Each of Roth’s ink paintings are named after the task they’re depicting, from an entire wall of levels from Angry Birds to Twitter and e-mail check-ins. By turning mundane procedures we make on a day to day basis on our phones and tablets into textural studies, Roth blurs the line between the corporeal and the digital. One can’t help but be reminded of fingerprinting for identification when looking at the paintings, drawing a connection between the all-encompassing nature of technology in modern society and the lasting effects that may hold over our identities in the future. With iPhones that now literally use your fingerprint to access the device, it seems as though Roth’s paintings are even more prescient now than they were when he first premiered them in 2011.
New Zealand-based illustrator Henrietta Harris, previously featured here, continues to compel the eye with her alluring and dreamily distorted portraits. In her pastel-toned watercolors, she renders the human figure fluid and infinite. Seemingly caught in moments of a romantic introspection bordering on spiritual transcendence, her subjects dissolve into swirls, scribbles, and line.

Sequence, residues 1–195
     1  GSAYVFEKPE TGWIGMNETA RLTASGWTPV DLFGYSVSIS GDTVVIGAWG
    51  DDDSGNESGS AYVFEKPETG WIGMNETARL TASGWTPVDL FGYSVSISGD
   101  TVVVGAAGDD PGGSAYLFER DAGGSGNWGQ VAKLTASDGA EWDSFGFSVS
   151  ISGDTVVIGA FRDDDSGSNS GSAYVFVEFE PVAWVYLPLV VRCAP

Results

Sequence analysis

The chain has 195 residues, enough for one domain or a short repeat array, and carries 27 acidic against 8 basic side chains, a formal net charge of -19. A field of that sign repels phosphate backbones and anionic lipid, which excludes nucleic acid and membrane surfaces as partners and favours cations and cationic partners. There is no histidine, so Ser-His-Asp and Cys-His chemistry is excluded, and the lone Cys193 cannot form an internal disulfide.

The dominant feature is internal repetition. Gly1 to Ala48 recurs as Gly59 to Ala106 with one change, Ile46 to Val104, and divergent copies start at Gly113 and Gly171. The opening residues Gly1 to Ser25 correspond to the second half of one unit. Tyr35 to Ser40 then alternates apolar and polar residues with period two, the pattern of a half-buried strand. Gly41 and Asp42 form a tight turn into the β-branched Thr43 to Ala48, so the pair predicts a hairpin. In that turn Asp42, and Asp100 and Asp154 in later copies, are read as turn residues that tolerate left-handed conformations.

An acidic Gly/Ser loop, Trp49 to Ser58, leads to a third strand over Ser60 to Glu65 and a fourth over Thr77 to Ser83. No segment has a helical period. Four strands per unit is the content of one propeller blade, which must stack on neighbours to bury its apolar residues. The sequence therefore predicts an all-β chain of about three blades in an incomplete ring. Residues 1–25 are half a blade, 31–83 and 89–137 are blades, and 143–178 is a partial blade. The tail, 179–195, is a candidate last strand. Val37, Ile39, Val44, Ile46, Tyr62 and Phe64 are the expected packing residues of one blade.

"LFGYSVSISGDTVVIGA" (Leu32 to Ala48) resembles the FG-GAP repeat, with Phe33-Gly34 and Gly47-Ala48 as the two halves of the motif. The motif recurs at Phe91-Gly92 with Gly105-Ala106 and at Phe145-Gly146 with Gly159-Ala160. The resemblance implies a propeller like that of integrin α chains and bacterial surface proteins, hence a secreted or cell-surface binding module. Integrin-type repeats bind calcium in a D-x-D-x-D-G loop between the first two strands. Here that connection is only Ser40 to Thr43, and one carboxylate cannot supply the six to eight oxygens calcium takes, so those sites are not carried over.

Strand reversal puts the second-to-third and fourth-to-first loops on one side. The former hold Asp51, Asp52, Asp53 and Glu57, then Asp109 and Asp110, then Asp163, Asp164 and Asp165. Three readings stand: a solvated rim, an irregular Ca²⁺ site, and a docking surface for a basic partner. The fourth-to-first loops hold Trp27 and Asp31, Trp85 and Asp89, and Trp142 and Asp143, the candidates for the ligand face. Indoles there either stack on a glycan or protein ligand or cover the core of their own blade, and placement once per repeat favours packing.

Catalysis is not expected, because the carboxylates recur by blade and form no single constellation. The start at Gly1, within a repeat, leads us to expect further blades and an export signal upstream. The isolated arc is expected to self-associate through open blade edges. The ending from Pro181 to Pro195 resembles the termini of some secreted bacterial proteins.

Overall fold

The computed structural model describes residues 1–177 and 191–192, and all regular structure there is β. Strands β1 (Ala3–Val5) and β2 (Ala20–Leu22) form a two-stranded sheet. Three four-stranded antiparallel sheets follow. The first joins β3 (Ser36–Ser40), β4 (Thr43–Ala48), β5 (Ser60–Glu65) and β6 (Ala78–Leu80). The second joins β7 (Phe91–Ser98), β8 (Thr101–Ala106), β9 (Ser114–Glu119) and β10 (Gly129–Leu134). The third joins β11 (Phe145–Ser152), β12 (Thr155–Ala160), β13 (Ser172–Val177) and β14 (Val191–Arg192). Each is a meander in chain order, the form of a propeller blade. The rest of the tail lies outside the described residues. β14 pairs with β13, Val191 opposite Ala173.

Here, Harris’s artistic process is inextricably fused with the completed portrait, and the creative act of art making is just as significant as the subject itself. Quick, doodled lines of primary and secondary colors become equally as material and substantial as the multiple-toned and shaded flesh itself, and the artist’s stream of consciousness thrillingly interrupts any objective reflection of reality. Individual identities collapse to form a whirlpool of ecstatic color, and the body itself becomes a cosmic landscape, revolving, twisting, and floating like a strange fleshy galaxy.
The intense movement of Harris’s work is balanced only by her soft, muted colors and the hushed expressions of her subjects. Peering sleepily downwards, her watercolor muses exude a quiet yet concentrated aura, as if lost in a meditative trance. Two-dimensional lines like static electricity course through three-dimensional bodies, slicing their features in two, and still they stare forward resolutely. Deconstructed perhaps by their own imaginations, they surrender themselves to the hand of the artist, which leaps and coils whimsically across the page. Take a look. (via The Inspiration Grid)